Learn Film in Class vs by Doing
I think that most this so obvious quea that most of the time gets ignored oe forgotten. Not forgotten in an intellectual kind of way but more in the true meaning, practical sense of the word.
So what do I mean with that?
I mean that most people know that in their years as a film student they should be doing stuff. They know they should be filming shorts and trying to get into the film festival circuit because it is, I’ll say, the only best way to get noticed in the industry if you are a first time director or filmmaker. But strangely enough people forget this to the point that they spend their years of college complaining on how the film school system could be better and ok how little projects they end up pulling of after a year of studies and eventually fall in a spiral of a lot of complaining and very little doing.
How can you avoid this? How can you get invested in projects you love and have a better chance to get noticed in the film festival circuit?
Well, the only true answer to that question is…
Most people get caught in that this is the typical kind of motivational answer that it’s been tossed whenever the situation calls for it… but do not just form your opinion before having evaluated all the facts.
I invite you to take a look to the biography of directors like Darren Aronofsky, David Lynch, Martin Scorsese and any other director that hasn’t started out in the industry by knowing somebody that already worked inside of it. What you will find is that almost all of your heros worked insanely hard to get their film project finished so they could send it out to the major film festivals of the world in that time. That is the general pattern. It is not a rule, but it is the general pattern…
I always play with probability at my side, I never play against the odds. So although there are many ways to get into the industry and end up directing a Hollywood movie, I think that the best way to do that is by showing to everyone what you’re capable of and what do you focused and are interested in. That’s your style, and that is what will define you and set you appart from everyone else. That’s why you will get the job, not because you know how to pick up a camera.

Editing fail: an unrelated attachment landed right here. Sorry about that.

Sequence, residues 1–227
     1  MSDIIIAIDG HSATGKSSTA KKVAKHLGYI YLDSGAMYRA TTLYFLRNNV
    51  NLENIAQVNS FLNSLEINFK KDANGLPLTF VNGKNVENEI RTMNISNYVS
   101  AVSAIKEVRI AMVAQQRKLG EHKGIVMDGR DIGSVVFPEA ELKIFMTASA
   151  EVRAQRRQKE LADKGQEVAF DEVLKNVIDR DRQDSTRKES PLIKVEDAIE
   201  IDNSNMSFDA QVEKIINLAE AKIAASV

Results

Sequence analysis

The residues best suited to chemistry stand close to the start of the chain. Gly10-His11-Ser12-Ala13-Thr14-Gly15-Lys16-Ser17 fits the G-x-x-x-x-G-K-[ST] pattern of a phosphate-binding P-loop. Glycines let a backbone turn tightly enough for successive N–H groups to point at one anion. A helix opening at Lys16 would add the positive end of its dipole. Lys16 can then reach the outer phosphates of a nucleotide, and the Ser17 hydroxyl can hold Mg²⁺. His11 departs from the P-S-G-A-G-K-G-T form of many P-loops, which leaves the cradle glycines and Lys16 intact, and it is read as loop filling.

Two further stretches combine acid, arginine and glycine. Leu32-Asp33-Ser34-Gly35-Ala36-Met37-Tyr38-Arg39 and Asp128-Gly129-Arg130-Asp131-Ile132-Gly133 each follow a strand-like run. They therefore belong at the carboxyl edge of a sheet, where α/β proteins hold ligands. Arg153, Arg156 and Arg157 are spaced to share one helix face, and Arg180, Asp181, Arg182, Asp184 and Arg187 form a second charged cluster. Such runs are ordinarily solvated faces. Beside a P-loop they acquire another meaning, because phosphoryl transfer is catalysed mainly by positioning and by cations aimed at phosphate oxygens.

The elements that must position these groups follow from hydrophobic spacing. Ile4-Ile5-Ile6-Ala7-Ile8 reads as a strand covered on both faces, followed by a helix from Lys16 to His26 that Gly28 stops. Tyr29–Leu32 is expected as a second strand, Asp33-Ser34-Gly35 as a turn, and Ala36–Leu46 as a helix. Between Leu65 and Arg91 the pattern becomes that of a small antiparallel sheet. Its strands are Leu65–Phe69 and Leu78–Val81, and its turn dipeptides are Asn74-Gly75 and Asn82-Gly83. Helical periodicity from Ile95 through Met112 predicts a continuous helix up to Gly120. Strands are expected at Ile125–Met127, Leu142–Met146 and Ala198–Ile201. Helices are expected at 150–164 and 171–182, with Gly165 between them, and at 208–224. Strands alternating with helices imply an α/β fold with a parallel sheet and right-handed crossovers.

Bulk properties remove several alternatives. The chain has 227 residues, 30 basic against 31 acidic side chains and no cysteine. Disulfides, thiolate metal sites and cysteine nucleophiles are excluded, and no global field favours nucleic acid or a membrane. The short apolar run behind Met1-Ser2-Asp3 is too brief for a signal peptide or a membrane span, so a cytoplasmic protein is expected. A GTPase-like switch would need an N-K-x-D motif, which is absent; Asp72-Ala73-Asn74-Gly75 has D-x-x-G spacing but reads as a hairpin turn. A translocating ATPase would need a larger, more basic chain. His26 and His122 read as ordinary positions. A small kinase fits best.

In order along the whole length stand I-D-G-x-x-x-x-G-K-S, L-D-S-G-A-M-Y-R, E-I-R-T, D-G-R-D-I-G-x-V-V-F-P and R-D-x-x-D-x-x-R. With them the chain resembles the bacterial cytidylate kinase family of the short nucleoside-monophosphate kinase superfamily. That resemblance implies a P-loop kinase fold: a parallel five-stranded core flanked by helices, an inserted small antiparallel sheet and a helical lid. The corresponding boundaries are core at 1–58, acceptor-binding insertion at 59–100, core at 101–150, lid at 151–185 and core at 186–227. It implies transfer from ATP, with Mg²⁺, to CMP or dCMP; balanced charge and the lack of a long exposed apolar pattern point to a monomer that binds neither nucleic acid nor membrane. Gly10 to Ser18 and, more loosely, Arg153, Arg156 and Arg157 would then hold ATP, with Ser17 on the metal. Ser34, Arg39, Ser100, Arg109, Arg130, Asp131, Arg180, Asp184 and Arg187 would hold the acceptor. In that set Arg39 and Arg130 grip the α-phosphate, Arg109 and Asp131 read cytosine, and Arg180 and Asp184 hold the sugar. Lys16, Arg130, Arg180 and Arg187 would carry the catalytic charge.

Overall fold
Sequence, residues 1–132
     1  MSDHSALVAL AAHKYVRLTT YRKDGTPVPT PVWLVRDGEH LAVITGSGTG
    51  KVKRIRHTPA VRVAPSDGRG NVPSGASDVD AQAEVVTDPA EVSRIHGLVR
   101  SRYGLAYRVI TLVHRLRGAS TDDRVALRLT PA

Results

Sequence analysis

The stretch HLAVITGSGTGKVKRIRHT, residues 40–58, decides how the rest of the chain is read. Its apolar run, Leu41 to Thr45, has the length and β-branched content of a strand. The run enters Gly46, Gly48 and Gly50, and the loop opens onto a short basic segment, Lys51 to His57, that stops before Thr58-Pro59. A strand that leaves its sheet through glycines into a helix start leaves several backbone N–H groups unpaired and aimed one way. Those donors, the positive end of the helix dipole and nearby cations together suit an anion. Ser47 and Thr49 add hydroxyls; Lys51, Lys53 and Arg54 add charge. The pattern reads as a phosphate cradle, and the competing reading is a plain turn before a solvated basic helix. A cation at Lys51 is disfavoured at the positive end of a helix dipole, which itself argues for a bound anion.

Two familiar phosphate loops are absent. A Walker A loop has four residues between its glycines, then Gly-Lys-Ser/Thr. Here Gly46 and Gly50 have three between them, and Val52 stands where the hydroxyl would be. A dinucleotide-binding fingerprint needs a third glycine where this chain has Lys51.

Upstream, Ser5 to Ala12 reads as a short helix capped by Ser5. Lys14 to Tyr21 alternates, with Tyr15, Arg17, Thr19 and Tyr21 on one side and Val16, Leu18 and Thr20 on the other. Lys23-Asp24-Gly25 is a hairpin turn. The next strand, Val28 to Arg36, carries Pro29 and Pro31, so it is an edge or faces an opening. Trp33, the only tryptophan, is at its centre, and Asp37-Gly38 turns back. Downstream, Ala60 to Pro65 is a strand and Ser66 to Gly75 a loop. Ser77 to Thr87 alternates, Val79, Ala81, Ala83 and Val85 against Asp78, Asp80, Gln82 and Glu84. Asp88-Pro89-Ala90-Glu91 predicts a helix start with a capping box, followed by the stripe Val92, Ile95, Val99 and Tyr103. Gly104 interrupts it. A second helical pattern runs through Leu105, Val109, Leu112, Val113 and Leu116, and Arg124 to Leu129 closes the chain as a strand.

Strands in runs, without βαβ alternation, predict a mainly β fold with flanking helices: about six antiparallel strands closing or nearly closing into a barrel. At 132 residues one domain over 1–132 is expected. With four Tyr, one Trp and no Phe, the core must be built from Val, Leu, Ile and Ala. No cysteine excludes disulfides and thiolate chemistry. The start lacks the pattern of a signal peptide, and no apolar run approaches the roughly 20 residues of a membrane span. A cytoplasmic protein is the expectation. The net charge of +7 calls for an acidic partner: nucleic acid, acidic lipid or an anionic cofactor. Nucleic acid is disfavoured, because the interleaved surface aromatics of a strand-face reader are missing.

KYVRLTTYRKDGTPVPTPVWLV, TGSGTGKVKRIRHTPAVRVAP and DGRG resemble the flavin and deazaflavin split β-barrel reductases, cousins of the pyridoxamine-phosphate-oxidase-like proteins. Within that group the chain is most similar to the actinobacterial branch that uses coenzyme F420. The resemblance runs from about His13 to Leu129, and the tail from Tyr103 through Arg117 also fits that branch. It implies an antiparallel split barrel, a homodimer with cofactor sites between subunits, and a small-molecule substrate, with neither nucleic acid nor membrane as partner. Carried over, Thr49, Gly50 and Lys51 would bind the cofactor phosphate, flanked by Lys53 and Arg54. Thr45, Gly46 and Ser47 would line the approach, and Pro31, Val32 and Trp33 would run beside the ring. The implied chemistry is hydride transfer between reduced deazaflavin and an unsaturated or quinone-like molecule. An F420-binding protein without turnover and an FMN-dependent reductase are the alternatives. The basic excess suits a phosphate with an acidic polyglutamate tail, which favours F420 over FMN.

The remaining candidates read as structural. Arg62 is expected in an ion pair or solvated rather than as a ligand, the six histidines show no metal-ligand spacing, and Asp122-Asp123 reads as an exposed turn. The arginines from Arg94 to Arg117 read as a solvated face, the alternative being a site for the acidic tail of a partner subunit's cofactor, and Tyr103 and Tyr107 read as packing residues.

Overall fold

Coming back to our main debate; learn film in class vs by doing. The thing is that most of the theory for making a film, if you are an intelligent person, you can learn “over a weekend” (Orson Welles). Well, maybe over a week I’ll say. The theory behind all the technical stuff for someone that is interested in the topic, is quite simple and you can learn easily Ina week. But being a master of the doing is a whole new different topic.
So why do film schools take 4 years of your life by teaching you something that can be taught in a week?
I honestly don’t know. I cannot understand it. It is the most absurd thing that happened to me in my life. Honestly.
Great director Werner Herzog has his own private film school where he teaches young aspiring filmmakers on how to become what he considers a good filmmaker. In an interview he explains his teaching process.he says that he doesn’t spend much time in the technical stuff as that you will learn it in the doing. What he focused on is on trying to communicate ideas, how to tell a story, how reach the emotional side of the story it’s being told.
That’s how you create extraordinary filmmakers!
He motivated them, helps them to finish projects that the student is motivated to complete, he only offers guidance, the work is done by the student. That’s how teaching should look like, not like a class where the teacher stands in the front of the room explaining for 2 – 3 hours how 3 point lighting should be made…
So go ahead and do try how to do 3 point lighting yourself and forget about theoretical explanation of the process, reinvent the rule and pull of the new unique film that only you can do that we haven’t seen before!
Keep it up and see you next time!